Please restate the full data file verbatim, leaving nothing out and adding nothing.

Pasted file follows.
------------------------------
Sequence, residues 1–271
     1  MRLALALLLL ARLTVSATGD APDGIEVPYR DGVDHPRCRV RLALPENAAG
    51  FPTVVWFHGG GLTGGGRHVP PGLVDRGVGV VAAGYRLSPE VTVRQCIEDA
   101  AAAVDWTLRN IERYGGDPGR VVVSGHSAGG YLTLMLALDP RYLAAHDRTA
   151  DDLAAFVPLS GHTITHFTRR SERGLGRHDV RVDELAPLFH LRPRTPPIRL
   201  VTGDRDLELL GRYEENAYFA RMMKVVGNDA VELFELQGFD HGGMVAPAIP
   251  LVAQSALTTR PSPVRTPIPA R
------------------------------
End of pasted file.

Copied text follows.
Sequence, residues 1–271
     1  MRLALALLLL ARLTVSATGD APDGIEVPYR DGVDHPRCRV RLALPENAAG
    51  FPTVVWFHGG GLTGGGRHVP PGLVDRGVGV VAAGYRLSPE VTVRQCIEDA
   101  AAAVDWTLRN IERYGGDPGR VVVSGHSAGG YLTLMLALDP RYLAAHDRTA
   151  DDLAAFVPLS GHTITHFTRR SERGLGRHDV RVDELAPLFH LRPRTPPIRL
   201  VTGDRDLELL GRYEENAYFA RMMKVVGNDA VELFELQGFD HGGMVAPAIP
   251  LVAQSALTTR PSPVRTPIPA R